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First Report of ‘Candidatus Phytoplasma pruni’ Associated with X-Disease on Sweet Cherry (Prunus avium) in Canada

    Affiliations
    Authors and Affiliations
    • J. R. Úrbez-Torres1
    • S. Sabaratnam2
    • S. Acheampong3
    • D. Balcaen3
    • J. Boulé1
    • B. Ghoshal4
    • H. Bennypaul5
    • M. Thurston6
    • T. Richardson7
    • C. Molnar8
    • S. Harper8
    1. 1Agriculture and Agri-Food Canada, Summerland Research and Development Centre, Summerland, BC V0H 1Z0, Canada
    2. 2British Columbia Ministry of Agriculture and Food, Plant and Animal Health Branch, Abbotsford, BC V3G 2M3, Canada
    3. 3British Columbia Ministry of Agriculture and Food, Plant and Animal Health Branch, Kelowna, BC V1X 7G5, Canada
    4. 4Agriculture and Agri-Food Canada, Center for Plant Health, North Saanich, BC V8L 1H3, Canada
    5. 5Canadian Food Inspection Agency, Center for Plant Health, North Saanich, BC V8L 1H3, Canada
    6. 6Pearl Agricultural Consulting Inc., Lake Country, BC V4V 1P9, Canada
    7. 7Cornucopia Crop Consulting Ltd., Cawston, BC V0X 1C2, Canada
    8. 8Department of Plant Pathology, Washington State University, Prosser, WA 99350, U.S.A.

    British Columbia (BC) is the lead producer of sweet cherries in Canada with more than 2,000 ha in production and a farm gate value of over CA$100 million annually. Since 2010, an outbreak of little cherry disease caused by little cherry virus 1 (LChV1) and little cherry virus 2 (LChV2), as well as X-disease (XD) caused by ‘Candidatus Phytoplasma pruni’, has caused significant economic losses in neighboring Washington State (WA), U.S.A. LChV1 and LChV2 have long been known to occur in BC (Theilmann et al. 2002); however, ‘Ca. P. pruni’ has not yet been reported in BC. Due to its geographical proximity to WA State, the BC cherry industry expressed significant concerns about the possible presence of the phytoplasma in cherry orchards. Accordingly, the main objective of this study was to survey cherry orchards to determine whether ‘Ca. P. pruni’ was present in symptomatic trees in BC. A total of 118 samples of leaves and fruit stems from individual symptomatic trees were collected prior to harvest from nine cherry orchards and one nectarine orchard in the Okanagan and Similkameen Valleys in BC. Characteristic symptoms included small and misshapen fruits with poor color development. Samples were submitted to AGNEMA (Pasco, WA) for testing using qPCR TaqMan assays for LChV1 (Katsiani et al. 2018), LChV2 (Shires et al. 2022), and ‘Ca. P. pruni’ (Kogej et al. 2020). Test results showed 21 samples (17.8%) from three cherry orchards positive for LChV2 and 2 samples (1.7%) from one cherry orchard positive for ‘Ca. P. pruni’. In order to confirm the identification of ‘Ca. P. pruni’, part of the 16S ribosomal RNA gene was amplified by nested PCR using P1/P7 followed by R16F2n/R2 primer sets (Gundersen and Lee 1996) and Sanger sequenced. BC-XD-Pa-1 (GenBank accession no. OR539920) and BC-XD-Pa-2 (OR537699) were identical to one another and showed 99.92% identity to the ‘Ca. P. pruni’ reference strain CX-95 (JQ044397). Analysis using iPhyClassifier (Zhao et al. 2009) indicated that they were 16SrIII-A strains. Interestingly, the two partial 16S sequences showed 100% nucleotide identity to the strain 10324 (MH810016) and others from WA. For additional confirmation, partial secA (Hodgetts et al. 2008) and secY (Lee et al. 2010) translocases were amplified and sequenced. As with the 16S sequences, secY sequences (OR542980 and OR542981) showed 99.92% nucleotide identity to the strain CX-95 (JQ268249) and 100% to the strain 10324 (MH810035). The secA sequences (OR542978 and OR542979) had nucleotide identities of 99.77% to the strain CX (MW547067) and 100% to the Green Valley strain from California (EU168733). Accordingly, ‘Ca. P. pruni’ was confirmed to be present in sweet cherry samples from BC. ‘Ca. P. pruni’-related strains have been previously reported to occur in Canada in commercial poinsettias (Euphorbia pulcherrima) (Arocha Rosete et al. 2021). To our knowledge, this is the first report of ‘Ca. P. pruni’ in sweet cherry in Canada. Due to the important economic value of sweet cherries in BC, these findings are highly significant and represent the first steps toward the development of a surveillance system for early detection of XD and consequent implementation of management strategies, including vector control. As required by federal and provincial regulations, cherry trees infected with LChV2 and ‘Ca. P. pruni’ found in the survey were removed by the growers.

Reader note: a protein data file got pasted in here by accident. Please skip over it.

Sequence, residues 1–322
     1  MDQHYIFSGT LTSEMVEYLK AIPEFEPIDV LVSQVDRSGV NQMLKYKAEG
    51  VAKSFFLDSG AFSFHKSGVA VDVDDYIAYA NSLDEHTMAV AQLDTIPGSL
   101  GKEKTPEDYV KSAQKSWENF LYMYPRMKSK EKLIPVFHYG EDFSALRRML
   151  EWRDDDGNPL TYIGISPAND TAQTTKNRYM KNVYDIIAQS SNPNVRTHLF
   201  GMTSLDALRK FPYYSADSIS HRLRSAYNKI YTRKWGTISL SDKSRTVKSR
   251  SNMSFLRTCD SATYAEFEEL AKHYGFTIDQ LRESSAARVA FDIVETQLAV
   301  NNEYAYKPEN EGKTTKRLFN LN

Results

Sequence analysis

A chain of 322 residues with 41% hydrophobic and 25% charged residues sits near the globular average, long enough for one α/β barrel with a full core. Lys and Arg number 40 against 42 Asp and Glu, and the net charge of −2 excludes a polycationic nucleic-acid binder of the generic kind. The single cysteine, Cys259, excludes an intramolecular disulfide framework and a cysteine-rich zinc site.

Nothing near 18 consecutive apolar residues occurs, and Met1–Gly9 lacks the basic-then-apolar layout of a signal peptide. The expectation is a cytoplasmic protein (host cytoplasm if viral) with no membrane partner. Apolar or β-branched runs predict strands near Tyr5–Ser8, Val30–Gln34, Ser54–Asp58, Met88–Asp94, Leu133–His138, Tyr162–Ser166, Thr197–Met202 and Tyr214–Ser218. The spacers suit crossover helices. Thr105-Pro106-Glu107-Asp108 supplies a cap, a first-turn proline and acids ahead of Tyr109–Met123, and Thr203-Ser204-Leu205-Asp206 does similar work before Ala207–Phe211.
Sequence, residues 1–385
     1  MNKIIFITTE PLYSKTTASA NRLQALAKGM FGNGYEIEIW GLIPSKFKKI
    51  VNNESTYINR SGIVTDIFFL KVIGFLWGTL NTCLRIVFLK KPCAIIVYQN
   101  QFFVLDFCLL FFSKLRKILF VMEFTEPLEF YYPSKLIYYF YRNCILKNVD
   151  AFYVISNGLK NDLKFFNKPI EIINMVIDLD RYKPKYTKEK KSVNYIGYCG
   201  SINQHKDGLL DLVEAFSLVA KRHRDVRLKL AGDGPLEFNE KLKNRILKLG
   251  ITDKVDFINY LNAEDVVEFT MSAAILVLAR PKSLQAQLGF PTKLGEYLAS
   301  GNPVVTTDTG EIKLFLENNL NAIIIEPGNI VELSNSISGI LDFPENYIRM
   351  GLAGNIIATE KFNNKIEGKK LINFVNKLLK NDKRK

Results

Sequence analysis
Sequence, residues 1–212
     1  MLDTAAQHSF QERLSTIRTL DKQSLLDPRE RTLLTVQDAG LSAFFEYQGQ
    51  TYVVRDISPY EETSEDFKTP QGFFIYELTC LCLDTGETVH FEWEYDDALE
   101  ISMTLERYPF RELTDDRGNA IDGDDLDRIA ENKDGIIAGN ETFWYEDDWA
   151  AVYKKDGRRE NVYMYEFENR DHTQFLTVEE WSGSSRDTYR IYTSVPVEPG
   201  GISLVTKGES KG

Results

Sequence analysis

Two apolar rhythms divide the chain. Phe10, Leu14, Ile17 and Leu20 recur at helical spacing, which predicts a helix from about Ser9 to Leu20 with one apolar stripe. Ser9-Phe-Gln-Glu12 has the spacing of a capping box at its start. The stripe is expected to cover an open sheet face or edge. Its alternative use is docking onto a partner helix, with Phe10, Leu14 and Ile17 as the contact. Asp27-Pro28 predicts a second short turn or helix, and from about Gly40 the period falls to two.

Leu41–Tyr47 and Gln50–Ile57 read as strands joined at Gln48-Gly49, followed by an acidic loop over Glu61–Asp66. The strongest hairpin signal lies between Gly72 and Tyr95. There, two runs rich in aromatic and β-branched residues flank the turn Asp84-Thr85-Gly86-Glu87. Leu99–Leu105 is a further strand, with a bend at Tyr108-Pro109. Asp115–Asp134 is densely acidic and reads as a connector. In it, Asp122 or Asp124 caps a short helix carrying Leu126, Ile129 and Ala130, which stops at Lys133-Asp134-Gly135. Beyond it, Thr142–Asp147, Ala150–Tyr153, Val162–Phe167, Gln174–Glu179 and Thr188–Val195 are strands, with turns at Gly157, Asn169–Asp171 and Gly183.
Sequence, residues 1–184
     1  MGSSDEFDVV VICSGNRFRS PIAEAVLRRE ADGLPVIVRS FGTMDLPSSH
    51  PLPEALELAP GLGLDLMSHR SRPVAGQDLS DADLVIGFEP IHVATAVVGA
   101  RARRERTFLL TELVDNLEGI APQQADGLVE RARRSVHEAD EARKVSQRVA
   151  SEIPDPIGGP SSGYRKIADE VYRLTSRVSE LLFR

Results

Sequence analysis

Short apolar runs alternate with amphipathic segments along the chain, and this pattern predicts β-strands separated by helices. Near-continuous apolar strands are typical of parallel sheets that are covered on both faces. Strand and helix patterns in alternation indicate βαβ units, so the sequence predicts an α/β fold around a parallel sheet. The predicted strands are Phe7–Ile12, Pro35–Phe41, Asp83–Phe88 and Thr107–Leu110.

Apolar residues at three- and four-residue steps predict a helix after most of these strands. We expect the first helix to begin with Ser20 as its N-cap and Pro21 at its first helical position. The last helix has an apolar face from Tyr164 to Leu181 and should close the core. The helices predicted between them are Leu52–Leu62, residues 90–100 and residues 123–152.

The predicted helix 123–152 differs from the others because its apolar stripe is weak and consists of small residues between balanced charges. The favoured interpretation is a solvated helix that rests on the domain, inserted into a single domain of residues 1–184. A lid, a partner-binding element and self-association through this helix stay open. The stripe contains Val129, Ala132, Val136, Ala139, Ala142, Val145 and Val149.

The author(s) declare no conflict of interest.

    References:

    Funding: This research was funded by the British Columbia Cherry Association, British Columbia Fruit Growers Association, Summerland Varieties Corp., British Columbia Ministry of Agriculture and Food, and Agriculture and Agri-Food Canada under the Canadian Agricultural Partnership project numbers BS21-23-01 and ASP-262.

    The author(s) declare no conflict of interest.